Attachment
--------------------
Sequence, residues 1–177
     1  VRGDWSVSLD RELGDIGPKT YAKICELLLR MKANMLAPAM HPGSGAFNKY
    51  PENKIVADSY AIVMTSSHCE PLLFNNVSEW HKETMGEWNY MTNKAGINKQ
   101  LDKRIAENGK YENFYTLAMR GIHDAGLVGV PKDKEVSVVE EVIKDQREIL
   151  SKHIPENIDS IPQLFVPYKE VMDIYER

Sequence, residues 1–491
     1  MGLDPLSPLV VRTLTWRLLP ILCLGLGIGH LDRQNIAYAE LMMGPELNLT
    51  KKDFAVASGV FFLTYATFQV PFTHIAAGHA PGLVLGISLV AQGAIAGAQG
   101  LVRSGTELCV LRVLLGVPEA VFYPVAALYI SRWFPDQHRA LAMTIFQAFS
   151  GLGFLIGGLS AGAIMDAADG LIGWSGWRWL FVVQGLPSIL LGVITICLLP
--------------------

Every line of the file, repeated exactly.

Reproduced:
Sequence, residues 1–177
     1  VRGDWSVSLD RELGDIGPKT YAKICELLLR MKANMLAPAM HPGSGAFNKY
    51  PENKIVADSY AIVMTSSHCE PLLFNNVSEW HKETMGEWNY MTNKAGINKQ
   101  LDKRIAENGK YENFYTLAMR GIHDAGLVGV PKDKEVSVVE EVIKDQREIL
   151  SKHIPENIDS IPQLFVPYKE VMDIYER

Sequence, residues 1–491
     1  MGLDPLSPLV VRTLTWRLLP ILCLGLGIGH LDRQNIAYAE LMMGPELNLT
    51  KKDFAVASGV FFLTYATFQV PFTHIAAGHA PGLVLGISLV AQGAIAGAQG
   101  LVRSGTELCV LRVLLGVPEA VFYPVAALYI SRWFPDQHRA LAMTIFQAFS
   151  GLGFLIGGLS AGAIMDAADG LIGWSGWRWL FVVQGLPSIL LGVITICLLP